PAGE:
In Cambodia, the government has put great political will and attaches great importance to promoting gender equality and women’s participation in all sectors aimed at achieving economically, socially and politically inclusive and sustainable development and become a middle-income country by 2030 and beyond. -income countries by 2050.

In his speech to celebrate the 109th International Women’s Day in 2020, Prime Minister Hun Sen reiterated, “We continue to pay attention to and encourage women to participate in a higher level of leadership.”

The Cambodian government’s commitment to elevating the status of women and empowering them to engage in high-level leadership is reflected in government policies, including the Rectangle Strategy, Neary Rattanak, and the Plan of the Cambodian National Council for Women, National Strategic Development Plans (NSDP), each of which precondition for gender mainstreaming at all levels of government.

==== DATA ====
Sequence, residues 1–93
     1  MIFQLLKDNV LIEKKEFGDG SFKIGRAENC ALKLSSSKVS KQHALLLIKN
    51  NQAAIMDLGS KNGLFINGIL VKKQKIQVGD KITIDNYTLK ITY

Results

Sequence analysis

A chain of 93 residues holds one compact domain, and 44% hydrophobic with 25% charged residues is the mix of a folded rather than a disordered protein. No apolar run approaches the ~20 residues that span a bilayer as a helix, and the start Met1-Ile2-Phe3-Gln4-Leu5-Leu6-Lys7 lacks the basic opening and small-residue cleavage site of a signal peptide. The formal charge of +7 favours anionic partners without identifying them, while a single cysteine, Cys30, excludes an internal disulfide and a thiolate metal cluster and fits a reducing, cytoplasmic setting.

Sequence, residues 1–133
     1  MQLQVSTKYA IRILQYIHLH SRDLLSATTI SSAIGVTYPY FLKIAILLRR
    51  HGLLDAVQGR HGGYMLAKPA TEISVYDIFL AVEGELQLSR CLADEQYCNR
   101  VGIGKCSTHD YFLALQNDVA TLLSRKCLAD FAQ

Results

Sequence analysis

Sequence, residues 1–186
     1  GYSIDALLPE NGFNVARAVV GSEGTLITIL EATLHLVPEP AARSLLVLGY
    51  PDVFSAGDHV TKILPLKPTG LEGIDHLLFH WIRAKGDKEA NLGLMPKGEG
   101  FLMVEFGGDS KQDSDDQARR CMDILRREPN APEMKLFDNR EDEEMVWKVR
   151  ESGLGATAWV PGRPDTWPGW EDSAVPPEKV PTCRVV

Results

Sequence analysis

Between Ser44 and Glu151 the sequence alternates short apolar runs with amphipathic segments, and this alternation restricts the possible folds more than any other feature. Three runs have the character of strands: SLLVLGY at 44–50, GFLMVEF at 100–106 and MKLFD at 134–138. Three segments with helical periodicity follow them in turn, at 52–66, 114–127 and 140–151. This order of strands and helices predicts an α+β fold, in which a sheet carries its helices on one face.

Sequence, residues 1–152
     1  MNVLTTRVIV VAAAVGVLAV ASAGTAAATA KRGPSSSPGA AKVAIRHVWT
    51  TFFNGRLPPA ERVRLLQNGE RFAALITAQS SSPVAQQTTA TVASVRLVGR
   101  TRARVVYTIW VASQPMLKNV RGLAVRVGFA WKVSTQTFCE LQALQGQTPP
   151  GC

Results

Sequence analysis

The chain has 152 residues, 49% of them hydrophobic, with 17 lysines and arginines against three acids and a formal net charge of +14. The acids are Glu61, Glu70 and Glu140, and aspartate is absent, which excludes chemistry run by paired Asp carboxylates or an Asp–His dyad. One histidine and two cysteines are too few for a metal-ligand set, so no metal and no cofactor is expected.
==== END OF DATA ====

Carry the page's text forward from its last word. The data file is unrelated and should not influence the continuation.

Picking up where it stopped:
This has resulted in a significant increase in women’s participation and civic engagement at all levels. In 2021, women represented 21% of the National Assembly and 16% of the Senate. There is one female deputy prime minister (10%), three female ministers (10.34%) and two female provincial governors (8%). The proportion of women in the civil service increased to 41% in 2021, from 38% in 2014.